When it comes to survey questions, you have a whole host of options available to you. Today, types of survey questions go far beyond the traditional yes/no and multiple-choice variety (although they’re still great options). So, let’s look at some sample survey questions that you may want to consider – and why – for your next online survey, poll, or questionnaire.
12 Different Types of Survey Questions and When to Use Them
Survey methodology – the study of survey methods and the sources of error in surveys – reveals that respondents crave variety in the types of questions they answer. Including a variety of types of questions on your surveys can make them more engaging to participants, increasing response rates. Variety also reduces “survey burnout,” in which participants drop out at some point during the survey because they grow bored with it. Here are twelve types of survey questions and when to use them, along with survey question examples using SurveyLegend.
1. Multiple Choice Questions
We don’t need to explain what these are; they’re just like those quizzes you took in school and have been taking ever since! There are some special things to know about SurveyLegend’s multiple choice questions, however. With our online surveys, participants are able to choose more than one selection if applicable. If you want to limit their choice to one selection only, simply select the “Single Selection” survey field. You can note in the instructions to participants whether they can select as many answers as they want, or if they are limited to one selection.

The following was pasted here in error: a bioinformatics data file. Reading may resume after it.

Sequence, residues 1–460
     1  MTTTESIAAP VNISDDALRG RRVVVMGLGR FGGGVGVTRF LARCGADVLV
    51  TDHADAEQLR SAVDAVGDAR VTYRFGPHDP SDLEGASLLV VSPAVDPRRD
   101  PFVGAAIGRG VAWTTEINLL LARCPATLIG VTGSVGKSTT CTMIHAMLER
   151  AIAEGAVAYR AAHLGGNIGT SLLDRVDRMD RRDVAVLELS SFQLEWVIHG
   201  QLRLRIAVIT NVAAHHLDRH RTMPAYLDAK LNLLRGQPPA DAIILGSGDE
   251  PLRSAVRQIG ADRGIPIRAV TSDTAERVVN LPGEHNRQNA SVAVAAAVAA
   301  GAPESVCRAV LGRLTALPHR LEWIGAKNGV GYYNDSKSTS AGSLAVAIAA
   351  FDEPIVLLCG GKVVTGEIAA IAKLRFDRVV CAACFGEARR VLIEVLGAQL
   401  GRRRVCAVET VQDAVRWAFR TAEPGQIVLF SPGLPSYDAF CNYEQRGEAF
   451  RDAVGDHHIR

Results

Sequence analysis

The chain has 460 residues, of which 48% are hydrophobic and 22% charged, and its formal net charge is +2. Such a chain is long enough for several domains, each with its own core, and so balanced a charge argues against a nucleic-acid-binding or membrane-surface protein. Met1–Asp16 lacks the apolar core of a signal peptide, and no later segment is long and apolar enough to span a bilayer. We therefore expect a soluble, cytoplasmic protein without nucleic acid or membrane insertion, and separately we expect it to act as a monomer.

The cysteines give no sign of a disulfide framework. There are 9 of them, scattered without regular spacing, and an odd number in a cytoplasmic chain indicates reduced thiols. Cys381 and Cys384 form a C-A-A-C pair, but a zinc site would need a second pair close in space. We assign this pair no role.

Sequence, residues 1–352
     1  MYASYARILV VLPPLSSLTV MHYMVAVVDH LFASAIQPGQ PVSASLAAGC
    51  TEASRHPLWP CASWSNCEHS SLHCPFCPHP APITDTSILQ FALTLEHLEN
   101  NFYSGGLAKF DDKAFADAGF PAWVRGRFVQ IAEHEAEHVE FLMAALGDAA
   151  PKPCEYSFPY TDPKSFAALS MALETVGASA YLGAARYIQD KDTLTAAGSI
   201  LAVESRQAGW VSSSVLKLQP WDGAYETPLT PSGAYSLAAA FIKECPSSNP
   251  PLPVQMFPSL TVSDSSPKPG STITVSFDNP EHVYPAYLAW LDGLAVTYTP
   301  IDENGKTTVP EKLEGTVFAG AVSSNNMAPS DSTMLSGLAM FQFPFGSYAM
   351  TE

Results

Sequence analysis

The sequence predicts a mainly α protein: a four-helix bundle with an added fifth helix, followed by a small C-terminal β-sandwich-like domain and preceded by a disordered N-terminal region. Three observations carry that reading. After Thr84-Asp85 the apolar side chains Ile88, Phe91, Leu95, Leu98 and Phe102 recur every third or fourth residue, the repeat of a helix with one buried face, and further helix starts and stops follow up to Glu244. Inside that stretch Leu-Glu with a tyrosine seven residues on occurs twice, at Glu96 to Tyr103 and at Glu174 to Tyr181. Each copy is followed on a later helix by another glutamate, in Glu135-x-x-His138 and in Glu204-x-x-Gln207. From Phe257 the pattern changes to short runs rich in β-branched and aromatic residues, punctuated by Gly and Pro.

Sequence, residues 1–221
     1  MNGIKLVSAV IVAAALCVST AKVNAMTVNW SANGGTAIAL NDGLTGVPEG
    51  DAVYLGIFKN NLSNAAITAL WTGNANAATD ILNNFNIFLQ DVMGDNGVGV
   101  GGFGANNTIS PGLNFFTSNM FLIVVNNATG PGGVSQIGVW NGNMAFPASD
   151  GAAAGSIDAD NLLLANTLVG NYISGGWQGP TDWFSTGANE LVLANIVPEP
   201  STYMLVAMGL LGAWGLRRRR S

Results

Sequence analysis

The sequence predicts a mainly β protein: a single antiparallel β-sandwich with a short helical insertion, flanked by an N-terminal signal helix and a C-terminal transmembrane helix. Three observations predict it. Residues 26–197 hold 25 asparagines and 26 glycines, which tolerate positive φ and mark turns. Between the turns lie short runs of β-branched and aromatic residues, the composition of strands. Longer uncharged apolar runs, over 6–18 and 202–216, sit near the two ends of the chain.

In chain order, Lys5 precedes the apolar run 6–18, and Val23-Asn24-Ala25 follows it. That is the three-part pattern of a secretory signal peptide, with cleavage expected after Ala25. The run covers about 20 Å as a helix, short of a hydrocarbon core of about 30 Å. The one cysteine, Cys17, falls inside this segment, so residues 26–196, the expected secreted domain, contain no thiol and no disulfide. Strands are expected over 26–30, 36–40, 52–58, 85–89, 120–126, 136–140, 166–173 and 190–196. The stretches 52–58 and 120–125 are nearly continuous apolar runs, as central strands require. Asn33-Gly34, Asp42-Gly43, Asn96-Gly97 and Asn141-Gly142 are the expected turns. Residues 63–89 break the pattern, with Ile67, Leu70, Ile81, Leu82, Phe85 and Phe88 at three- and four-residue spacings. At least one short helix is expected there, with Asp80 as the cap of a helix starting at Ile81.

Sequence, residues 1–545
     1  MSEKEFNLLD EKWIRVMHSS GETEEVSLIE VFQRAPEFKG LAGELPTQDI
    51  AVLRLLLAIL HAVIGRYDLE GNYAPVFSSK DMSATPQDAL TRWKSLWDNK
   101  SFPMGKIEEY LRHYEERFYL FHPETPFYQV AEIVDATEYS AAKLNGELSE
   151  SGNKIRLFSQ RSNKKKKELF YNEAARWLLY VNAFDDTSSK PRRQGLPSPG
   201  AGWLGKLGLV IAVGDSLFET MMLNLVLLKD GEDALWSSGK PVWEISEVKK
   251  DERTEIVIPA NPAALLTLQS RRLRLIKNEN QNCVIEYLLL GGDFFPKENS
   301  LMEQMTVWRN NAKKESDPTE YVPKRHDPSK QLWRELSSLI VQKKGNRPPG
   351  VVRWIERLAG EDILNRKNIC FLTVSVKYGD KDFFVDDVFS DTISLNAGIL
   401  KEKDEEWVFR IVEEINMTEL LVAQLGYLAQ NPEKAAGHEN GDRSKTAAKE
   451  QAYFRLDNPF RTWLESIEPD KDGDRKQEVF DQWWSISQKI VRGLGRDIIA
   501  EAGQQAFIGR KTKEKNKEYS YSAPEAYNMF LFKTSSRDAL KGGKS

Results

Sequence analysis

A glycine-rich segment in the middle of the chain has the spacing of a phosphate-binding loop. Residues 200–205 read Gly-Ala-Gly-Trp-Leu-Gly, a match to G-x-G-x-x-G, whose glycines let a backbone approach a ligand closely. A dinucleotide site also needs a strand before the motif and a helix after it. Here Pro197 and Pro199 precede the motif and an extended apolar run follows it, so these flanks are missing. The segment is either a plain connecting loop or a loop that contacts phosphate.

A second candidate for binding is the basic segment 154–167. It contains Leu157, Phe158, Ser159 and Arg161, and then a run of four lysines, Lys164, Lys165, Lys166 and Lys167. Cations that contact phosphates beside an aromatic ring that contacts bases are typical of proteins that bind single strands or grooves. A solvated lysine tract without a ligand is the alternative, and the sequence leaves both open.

Learn more about SurveyLegend’s multiple choice questions.
2. Multiple Choice Questions with Images
Depending on the online survey platform you’re using, you can use text-only questions, or use picture questions to further engage respondents. SurveyLegend allows you to do both, and you can set your image questions so that respondents can select more than one answer or limit them to one answer. So why use images? There are many benefits to picture surveys. They are known to increase response rates because they are more visually engaging, can trigger memory and emotion, communicate ideas more effectively, cross language barriers, and more.
Learn more about the 7 Benefits of Picture Surveys.
3. Thumb Ratings
Popularized by movie critics Siskel & Ebert, thumbs up is simply a more engaging way to get answers to a like/dislike question. Plus, in this day of social media, most people are very used to voting up or down with thumbs making these types of survey questions very common. Another example would be streaming services. Netflix, for example, allows you to vote thumbs up or down after watching a show in order to make better viewing recommendations based on your ratings.
Learn more about SurveyLegend’s thumb ratings.
4. Star Ratings
The Zagat Survey, commonly referred to as Zagat, really popularized the star rating system in 1979 by collecting and correlating the ratings of restaurants by diners. Today, of course, star ratings are very common, especially with Google Reviews and G2 (where, coincidentally, SurveyLegend scores a 4.5!). Star ratings are popular because survey takers can easily them up and calculate the average value. With SurveyLegend, you can set your number of stars from three to ten.
Learn more about SurveyLegend’s star ratings.
5. Emoji Rankings